But in my time there, I became convinced they were doing it wrong – not as Episcopalians, per se, but as Christians. I began to struggle with them – when they asked questions like “Is Jesus really God?” or when I heard things like “Trinity is one way of understanding God, but not the only way…”
We know how this sermon is supposed to go now. I left the Episcopal Church, looking for the Church that was not blown about upon the winds of Doctrine and I found Holy Orthodoxy (play here the Chorus, “Hallelujah”, from Handel’s Messiah). St Raphael of Brooklyn (my patron, and whose relic we have here on our altar), said, “The Holy Orthodox Church has never perceptibly changed from Apostolic times, and, therefore, no one can go astray in finding out what she teaches. ”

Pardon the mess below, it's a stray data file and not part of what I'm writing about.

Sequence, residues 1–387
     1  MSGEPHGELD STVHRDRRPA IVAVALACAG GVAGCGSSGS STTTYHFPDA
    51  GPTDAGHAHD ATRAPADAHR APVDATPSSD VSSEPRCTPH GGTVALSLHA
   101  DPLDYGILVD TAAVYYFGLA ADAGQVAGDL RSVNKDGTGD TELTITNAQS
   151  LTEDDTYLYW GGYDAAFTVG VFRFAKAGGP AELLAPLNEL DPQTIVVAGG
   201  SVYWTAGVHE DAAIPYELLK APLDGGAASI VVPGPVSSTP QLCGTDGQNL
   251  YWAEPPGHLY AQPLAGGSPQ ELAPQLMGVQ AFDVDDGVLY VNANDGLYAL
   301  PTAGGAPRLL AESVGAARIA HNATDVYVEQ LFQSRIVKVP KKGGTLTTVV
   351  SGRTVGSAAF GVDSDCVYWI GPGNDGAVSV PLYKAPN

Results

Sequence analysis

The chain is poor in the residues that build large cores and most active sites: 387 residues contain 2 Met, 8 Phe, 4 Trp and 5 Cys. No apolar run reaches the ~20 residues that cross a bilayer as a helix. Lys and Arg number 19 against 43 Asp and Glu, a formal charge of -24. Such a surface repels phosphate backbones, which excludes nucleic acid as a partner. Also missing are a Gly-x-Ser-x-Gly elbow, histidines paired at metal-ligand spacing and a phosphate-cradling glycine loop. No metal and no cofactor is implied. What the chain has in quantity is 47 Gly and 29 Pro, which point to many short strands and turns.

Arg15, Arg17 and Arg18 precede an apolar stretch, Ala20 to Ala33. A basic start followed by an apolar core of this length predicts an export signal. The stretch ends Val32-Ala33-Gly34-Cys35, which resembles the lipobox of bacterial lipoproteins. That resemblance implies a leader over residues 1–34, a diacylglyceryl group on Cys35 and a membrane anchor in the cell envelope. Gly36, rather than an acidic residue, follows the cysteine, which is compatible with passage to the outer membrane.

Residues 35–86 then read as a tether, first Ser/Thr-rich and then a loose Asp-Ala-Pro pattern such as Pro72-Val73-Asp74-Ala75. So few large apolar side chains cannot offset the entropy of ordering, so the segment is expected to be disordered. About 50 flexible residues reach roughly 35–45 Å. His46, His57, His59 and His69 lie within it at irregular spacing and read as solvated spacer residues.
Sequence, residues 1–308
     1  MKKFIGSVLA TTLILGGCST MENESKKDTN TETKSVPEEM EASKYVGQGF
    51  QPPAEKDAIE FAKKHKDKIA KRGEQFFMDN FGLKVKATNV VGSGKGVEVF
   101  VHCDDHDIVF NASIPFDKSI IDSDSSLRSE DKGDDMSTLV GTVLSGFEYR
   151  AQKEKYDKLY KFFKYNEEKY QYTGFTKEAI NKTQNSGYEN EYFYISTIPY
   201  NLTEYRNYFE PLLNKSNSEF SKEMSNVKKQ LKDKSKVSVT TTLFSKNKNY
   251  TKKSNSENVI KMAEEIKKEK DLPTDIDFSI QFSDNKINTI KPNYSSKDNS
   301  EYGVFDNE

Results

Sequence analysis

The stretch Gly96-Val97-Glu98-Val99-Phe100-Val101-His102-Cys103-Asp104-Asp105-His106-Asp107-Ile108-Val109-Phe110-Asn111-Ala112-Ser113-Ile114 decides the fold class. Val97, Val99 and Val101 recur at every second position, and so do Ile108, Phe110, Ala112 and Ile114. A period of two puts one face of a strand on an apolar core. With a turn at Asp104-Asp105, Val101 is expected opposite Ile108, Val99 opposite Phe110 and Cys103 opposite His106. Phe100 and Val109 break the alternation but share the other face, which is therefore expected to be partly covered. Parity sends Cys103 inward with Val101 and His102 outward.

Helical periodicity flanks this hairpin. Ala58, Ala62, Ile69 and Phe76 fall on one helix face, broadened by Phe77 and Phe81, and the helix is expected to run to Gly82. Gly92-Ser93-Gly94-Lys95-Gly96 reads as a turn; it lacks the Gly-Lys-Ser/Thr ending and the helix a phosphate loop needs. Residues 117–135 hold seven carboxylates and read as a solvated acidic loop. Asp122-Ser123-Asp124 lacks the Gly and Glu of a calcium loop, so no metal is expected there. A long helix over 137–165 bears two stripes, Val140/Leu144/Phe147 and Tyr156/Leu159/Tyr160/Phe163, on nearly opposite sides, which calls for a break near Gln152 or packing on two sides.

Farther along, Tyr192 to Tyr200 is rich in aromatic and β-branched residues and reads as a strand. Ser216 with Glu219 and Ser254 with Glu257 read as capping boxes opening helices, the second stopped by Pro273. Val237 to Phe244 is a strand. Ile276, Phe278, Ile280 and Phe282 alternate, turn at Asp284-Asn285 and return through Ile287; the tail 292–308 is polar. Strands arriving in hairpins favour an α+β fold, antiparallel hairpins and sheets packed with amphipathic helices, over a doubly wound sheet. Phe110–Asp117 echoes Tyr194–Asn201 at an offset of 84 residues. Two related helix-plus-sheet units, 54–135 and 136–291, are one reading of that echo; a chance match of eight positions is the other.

Except, of course, that’s a myth. It’s one we like to tell ourselves because it helps us feel “Right”. And a visit to any Orthodox Parish (if you get honest people) will let you see people who struggle, people who question, people who don’t quite get it 100% right all the time. To this you should expect to hear a reply, “Yes, but the church herself is right…” as if there is an invisible church other than the people in front of you who – like the saints and fathers before them sometimes got it right and sometimes wrong, or as if, simply because the doctrines on paper somewhere are 100% right, it matters not what these living souls in front of you do or do not believe. The Doctrines are right here we may or may not believe them.